Know when to leave it on and take it off.

It takes a while to get used to having this beautiful ring, and you want to protect it as much as you can, but so many brides end up washing their hands in a restaurant and leaving the ring behind.

If you have a more delicate ring with micro pavé stones, don’t wear it to play tennis or golf or during rigorous exercise. The stones tend to pop out more easily than others.

Be cautious when it comes to resizing.
Seasonal changes in temperature, weight fluctuations, and traveling can all affect the fit of your ring—so keep that in mind before jumping to have yours resized. At De Beers, Balzano-Hull prefers to size buyers in the late afternoon (2:30 p.m. specifically) or after they’ve exercised, to accommodate for swelling. “We also always ask clients where they live. If they’re from somewhere tropical and they’re trying the ring on in New York, we suggest going one size larger,” she says, adding, “I never recommend making any changes during pregnancies.

Keep a close eye—and ear—on it.
Some jewelers, like De Beers, advise buyers to come in for a “prong check” once a year, which allows the jeweler to examine the ring and make sure it’s in perfect condition. But Burstein says that if you have a classic setting—such as a solitaire set in platinum—having the ring checked isn’t entirely necessarily, so long as you keep an eye on it. “Look at the prongs yourself. Are any shorter than the others? Put the ring between two fingers, hold it up to your ear, and shake it a little bit. If you hear anything, then you have to get it tightened,” he says.

Read more from the original source here

Some more ways to care for your jewellery…

A ring dish

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For the times when you aren’t wearing your ring (rarely, we hope), it’s best practice to store it safely in a designated spot. Ideally, put it all by itself—whether that’s in a little dish, a pouch or a jewelry box. Why? Diamonds are tough and can actually scratch other jewels. Plus, if you always put it in the same spot, you’ll limit those “Where’s my ring!” freak-out moments.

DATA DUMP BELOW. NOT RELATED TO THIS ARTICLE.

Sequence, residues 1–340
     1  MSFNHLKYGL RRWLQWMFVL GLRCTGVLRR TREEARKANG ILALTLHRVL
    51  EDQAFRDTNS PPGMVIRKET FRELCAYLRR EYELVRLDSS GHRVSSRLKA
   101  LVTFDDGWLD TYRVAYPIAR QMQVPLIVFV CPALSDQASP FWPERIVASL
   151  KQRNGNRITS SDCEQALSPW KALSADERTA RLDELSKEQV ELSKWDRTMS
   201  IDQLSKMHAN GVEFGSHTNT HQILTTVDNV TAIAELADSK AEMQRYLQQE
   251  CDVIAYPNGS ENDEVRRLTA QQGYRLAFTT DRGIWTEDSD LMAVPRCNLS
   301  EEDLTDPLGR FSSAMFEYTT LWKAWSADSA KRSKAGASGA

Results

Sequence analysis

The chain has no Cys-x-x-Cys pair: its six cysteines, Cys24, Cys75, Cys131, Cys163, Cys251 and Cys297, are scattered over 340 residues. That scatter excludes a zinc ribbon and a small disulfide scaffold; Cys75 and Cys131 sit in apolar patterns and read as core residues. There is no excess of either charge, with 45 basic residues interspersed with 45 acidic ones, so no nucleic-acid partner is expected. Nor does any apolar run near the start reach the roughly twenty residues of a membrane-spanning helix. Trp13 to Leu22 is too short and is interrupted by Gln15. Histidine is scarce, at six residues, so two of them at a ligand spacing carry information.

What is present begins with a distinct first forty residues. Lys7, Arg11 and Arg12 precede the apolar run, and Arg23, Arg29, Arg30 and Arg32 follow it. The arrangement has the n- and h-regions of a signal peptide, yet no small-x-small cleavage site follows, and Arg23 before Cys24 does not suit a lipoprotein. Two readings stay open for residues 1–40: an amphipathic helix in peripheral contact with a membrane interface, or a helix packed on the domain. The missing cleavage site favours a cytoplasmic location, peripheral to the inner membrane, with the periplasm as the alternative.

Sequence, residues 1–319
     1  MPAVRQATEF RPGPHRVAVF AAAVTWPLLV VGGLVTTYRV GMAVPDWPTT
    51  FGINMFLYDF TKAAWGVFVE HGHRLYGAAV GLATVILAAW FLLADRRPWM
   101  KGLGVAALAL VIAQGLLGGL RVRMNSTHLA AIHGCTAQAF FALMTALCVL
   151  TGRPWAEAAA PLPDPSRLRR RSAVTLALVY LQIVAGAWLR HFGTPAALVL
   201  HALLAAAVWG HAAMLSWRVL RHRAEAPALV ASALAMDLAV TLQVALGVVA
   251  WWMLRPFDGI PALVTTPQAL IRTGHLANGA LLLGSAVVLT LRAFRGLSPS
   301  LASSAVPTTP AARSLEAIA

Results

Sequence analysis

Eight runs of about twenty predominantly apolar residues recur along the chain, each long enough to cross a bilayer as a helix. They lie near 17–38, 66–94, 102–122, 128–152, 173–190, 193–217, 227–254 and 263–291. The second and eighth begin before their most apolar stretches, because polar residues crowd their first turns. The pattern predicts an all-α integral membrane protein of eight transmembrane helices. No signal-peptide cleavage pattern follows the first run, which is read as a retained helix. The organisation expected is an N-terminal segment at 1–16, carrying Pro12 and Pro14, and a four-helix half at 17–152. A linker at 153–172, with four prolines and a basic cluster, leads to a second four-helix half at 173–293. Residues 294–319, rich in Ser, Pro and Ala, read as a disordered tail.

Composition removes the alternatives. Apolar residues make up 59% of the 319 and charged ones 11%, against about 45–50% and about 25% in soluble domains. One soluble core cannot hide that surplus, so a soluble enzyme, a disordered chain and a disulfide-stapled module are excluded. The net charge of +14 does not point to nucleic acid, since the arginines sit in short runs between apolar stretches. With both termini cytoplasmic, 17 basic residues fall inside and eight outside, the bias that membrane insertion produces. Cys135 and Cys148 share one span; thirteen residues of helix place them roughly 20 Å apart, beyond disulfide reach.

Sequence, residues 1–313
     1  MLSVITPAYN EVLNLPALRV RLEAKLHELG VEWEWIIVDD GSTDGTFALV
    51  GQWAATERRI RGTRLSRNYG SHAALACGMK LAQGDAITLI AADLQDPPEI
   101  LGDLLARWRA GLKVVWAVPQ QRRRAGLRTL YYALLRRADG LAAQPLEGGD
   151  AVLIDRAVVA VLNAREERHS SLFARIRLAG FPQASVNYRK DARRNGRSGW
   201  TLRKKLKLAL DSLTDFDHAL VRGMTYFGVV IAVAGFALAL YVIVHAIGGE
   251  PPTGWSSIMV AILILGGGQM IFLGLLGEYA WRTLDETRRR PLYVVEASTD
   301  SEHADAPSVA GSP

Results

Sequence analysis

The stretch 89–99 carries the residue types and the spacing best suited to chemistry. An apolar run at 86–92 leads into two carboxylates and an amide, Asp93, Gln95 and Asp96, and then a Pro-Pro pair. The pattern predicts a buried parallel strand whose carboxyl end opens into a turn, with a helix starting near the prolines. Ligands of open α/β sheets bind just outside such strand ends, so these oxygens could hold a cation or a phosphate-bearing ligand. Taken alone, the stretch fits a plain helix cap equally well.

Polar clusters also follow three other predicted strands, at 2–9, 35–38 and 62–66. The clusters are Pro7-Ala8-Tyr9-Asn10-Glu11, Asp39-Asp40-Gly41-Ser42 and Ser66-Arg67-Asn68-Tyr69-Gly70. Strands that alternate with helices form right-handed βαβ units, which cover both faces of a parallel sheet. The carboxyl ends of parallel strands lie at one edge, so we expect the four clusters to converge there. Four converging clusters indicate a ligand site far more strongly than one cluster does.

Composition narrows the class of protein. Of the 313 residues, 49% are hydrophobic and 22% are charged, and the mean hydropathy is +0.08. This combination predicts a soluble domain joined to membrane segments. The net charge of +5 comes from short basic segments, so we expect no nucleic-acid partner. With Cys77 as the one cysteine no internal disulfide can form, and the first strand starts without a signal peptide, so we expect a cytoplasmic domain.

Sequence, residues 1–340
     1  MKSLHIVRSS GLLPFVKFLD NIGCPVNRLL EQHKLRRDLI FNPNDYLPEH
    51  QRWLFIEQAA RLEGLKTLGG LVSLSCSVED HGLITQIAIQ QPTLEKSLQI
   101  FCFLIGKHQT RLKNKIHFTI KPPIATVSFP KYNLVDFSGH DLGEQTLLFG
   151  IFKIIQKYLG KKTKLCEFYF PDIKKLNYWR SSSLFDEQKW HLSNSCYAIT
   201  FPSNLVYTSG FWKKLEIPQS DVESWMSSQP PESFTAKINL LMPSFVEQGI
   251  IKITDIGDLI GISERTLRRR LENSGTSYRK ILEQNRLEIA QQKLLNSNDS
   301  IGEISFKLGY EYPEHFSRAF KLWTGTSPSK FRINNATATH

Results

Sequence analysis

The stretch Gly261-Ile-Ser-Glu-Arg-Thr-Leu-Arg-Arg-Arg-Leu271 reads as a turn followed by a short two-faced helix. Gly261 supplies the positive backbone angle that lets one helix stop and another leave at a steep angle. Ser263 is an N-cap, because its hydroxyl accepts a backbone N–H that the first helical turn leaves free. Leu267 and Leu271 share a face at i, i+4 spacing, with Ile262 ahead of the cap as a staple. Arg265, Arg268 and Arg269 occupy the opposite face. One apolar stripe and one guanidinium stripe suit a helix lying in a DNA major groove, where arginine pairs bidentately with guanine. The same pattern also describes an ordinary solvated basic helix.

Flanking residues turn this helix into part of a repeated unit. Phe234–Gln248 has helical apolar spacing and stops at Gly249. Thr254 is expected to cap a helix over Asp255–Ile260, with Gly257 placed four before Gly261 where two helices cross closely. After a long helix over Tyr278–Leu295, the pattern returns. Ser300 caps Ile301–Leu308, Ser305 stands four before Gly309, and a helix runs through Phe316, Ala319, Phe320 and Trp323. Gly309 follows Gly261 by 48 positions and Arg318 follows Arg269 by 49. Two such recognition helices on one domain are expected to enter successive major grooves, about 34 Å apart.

And by friends, we mean acquaintances who see each other maybe twice a year. This is for routine maintenance so that your jeweler can assess the integrity of your ring—making sure the stones aren’t loose and the prongs are tight (because searching for a missing diamond is an actual nightmare). And hey, you might as well get a professional cleaning while you’re there.

They said it, not us! 🙂

Read more from the original source here

In Engagement Ring Care Conclusion…

The most important things we can take away from this are to keep your jewellery away from chemicals (including toothpaste), check the prongs and settings are good, don’t use a harsh cleaning brush and be careful of cold water whilst on holiday!

You want to be using warmish water (not boiling) and a mild washing up liquid solution.

If you are going to be buying a cleaning solution or performing the job with mild dish soap, make sure you know what kind of metal your ring is made of before continuing.  The section on the different metals above should help.

And finally, for deep cleaning, or if the piece is scratched or otherwise damaged, take it to a qualified and professional jeweller who can get it back up to near new for you.

There you have it, you now have all the information to keep your prescious jewellery cleaned and cared for.

If in doubt give us a call on 01592 264305 and we will happily point you in the right direction.  Just ask for Richard or Jackie.

Now it’s a matter of making sure they are protected which is what you can read about this Thursday.

If you’re looking to buy an engagment ring, or know someone who is, we’ll be happy to help you choose a vibrant, sparkling ring that will inspire you for years to come.

Have a look at some of the different styles of engagement rings we have in our Kirkcaldy store.

The article How To Clean An Engagement Ring (and other diamond jewellery.) See more on: A.K. Campbell and Sons